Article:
From a random sample of 184k users, Marlow and his team found that 9.5% were likely bots, accounting for 25% of total tweets about climate change. The researchers suggest the likely fake accounts were created by “fossil-fuel companies, petro-states or their surrogates” that have a vested interest in the matter.

In April this year, when Texas was engulfed in extreme storms, conservative and conspiracy sites published disinformation that “Biden’s energy policies somehow prevented Texas plants from generating the power the state needed.” A similar Infowars story was shared 70k times on Facebook and Twitter, according to the AP.

Antiquated science reports aren’t just thwarted by bot armies or filter bubbles, but a handful of individuals in high places. In January, The NY Times reported that two Trump administration officials have been reassigned after posting debunked papers “that questioned the scientific consensus on climate change.”

“The officials, David Legates, who served as the head of the United States Global Change Research Program, and Ryan Maue, a senior official at the White House Office of Science and Technology Policy…. worked together to post the reports on a climate denial website without the knowledge of the director of the White House science office.” The cracks in denialism Despite denial actors’ prowess in propagating mis- and disinformation online, cracks are showing, and groups are fighting back.

A Greenpeace UK sting last month shed further light on Exxon’s war on climate action. In the video below, Keith McCoy, a senior director of federal relations at Exxon Mobil, became the first Exxon exec to openly claim that the company has “aggressively fought climate science using front organizations to maximize shareholder profit.” That’s pretty easy to grok and share. Definitely give it a watch.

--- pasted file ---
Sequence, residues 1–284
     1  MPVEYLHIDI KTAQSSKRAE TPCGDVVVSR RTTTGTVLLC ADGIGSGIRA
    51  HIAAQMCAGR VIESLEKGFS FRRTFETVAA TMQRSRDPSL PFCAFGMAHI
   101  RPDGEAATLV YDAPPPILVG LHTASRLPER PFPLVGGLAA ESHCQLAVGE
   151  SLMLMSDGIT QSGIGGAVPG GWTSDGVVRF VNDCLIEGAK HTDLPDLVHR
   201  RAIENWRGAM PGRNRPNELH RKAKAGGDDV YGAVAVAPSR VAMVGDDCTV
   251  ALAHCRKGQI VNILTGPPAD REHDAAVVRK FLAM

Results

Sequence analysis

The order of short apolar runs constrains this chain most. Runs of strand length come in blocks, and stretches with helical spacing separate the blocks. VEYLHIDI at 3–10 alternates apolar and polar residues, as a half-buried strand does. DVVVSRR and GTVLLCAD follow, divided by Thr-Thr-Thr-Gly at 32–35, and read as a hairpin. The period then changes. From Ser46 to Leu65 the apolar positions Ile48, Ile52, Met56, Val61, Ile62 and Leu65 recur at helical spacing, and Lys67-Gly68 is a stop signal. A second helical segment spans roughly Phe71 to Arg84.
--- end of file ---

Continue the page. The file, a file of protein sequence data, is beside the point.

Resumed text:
Since the 80s, fossil fuel giants have been aware that their processes were altering the climate. But it’s getting difficult to continue pretending with mounting evidence (the weather in the US, investigative journalism).

In response, climate disinformation tactics have “shifted from outright denial to distraction and delay,” according to Science News. Though it’s largely part of the problem, Facebook revealed a UK project in February this year that adds warning labels and information about climate change myths.

Cognitive scientist John Cook noted in the Science News piece: “[The nature of cliamte change denialism] is shifting. For example, we fed 21 years of [climate change] denial blog posts from the U.K. into a machine learning program. We found that the science denialism misinformation is gradually going down — and solution misinformation [targeting climate policy and renewable energy] is on the rise.” This Week in Innovation History

July 21st, 1999: Apple’s first consumer laptop, the iBook is launched

The iBook, designed in the visual style of the iMac, was launched. The product exemplified Steve Jobs’ vision of “saying no to 1000 things” simplifying or eliminating products to drive innovation:

When Steve Jobs returned to the company, he famously drew a four-box grid on a whiteboard to show how he wanted to simplify Apple’s messy product line-up. On the left was Desktop and Portable; across the top was Consumer and Pro. Steve wanted one product for each box. Filling the consumer portable box took some time, but the eventual result was the iBook.

The device not only looked like the future, it was the first device to deliver built in WiFi, helping turn the technology into an industry standard. It was one of Jobs’ very memorable demonstrations as he used a hula hoop to show the audience the power of no connected wires!

This email was sent to <<Email Address>>
why did I get this? unsubscribe from this list update subscription preferences
NYC Media Lab · 370 Jay Street, 3rd floor · Brooklyn, New York 11201 · USA